There are many claiming that the last two years shook the retail industry, causing massive changes. Those statements are only partially true but, in reality, the challenges of 2020 and 2021 accelerated a lot of change that was already underway or that some retailers had already been laying plans for.
These retailers put a heavy emphasis on customer experiences, which required the ability to shift gears, adapt quickly, and innovate. That focus put these merchants in an excellent position, even as the global environment saw daily and even hourly changes and challenges.
Importantly, what consumers saw from this period was that retailers could – when appropriately motivated – alter processes and operations in ways that better suited their customers. Now that the door has been opened, there is no turning back.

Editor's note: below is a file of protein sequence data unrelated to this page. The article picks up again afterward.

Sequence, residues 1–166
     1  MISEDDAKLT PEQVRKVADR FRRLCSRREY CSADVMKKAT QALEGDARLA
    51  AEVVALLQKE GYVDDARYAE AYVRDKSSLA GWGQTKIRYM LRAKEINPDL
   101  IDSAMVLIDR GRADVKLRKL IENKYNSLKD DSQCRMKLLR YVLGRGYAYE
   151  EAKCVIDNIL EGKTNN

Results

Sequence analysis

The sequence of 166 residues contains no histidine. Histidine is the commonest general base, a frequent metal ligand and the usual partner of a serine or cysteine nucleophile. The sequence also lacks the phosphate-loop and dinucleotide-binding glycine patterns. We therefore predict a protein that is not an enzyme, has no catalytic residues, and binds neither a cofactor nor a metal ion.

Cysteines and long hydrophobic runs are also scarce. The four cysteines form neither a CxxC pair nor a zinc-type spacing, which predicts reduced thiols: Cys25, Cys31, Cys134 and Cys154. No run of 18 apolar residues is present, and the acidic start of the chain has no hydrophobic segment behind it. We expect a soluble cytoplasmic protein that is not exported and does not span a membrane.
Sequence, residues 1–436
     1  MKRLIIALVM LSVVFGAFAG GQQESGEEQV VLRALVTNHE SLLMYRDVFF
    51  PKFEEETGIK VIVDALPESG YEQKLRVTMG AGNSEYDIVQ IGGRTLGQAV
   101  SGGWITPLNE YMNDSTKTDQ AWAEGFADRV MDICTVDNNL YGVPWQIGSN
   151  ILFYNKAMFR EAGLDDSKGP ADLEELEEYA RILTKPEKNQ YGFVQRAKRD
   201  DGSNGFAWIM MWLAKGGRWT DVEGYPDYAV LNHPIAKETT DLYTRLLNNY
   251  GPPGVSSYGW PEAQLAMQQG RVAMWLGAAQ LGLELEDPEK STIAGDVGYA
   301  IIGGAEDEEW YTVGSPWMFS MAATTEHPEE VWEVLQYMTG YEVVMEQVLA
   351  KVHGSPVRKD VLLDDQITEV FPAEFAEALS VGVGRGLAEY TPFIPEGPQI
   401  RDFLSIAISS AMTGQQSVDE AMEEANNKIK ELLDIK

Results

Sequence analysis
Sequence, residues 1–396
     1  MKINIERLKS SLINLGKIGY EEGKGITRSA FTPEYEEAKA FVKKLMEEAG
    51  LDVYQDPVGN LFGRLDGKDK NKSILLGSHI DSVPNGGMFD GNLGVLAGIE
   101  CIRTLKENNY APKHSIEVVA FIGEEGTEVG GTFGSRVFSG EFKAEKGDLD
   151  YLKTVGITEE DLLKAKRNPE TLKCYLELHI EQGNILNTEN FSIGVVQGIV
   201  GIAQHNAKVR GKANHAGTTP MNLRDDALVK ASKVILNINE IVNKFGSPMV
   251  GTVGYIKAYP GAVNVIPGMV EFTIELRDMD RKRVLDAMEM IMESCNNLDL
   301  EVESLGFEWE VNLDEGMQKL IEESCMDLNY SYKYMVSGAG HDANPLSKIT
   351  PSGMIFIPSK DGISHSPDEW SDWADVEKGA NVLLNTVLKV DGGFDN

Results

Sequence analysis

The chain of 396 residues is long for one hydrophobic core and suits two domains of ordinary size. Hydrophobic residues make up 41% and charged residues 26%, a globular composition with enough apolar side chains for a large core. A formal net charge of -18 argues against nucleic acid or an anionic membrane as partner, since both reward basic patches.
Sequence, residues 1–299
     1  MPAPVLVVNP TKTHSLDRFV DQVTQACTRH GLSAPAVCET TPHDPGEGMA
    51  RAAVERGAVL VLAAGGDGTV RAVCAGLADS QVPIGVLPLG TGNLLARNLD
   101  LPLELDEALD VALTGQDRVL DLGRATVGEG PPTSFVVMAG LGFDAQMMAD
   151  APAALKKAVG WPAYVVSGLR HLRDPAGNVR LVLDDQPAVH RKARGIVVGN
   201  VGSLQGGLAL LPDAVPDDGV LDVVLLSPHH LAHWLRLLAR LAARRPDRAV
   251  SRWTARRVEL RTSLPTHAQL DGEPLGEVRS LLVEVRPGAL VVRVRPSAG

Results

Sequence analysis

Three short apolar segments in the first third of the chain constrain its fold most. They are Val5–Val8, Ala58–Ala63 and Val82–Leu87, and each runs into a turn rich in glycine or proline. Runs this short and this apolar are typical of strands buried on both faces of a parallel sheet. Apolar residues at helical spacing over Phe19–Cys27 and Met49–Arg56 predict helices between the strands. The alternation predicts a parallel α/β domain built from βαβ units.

As we head into 2022, consumers will be demanding experiences that meet their needs and wants, not what marries better with a retailer’s operational structure or underlying architecture. Retailers must be prepared for the new demands of customers and ready to meet consumers where they are. This means being prepared to have an answer to the trends that will move to the forefront in 2022.
4 Consumer-Demand Trends Retailers Must be Ready for in 2022
There was a time where enterprise marketplaces were a quaint alternative to enterprise e-commerce sites, where consumers could get their hands on rare or unusual items that sellers couldn’t offer through an online storefront of their own.
Since that time, digital marketplaces have grown up. Marketplaces not only offer consumers access to a more diverse set of products with one-stop-shopping convenience, but they have also expanded to encompass B2C and B2B audiences, as well as P2P and direct to consumer. They don’t stop at products, either. Everything from vacation homes to virtual assistants can be had through a marketplace.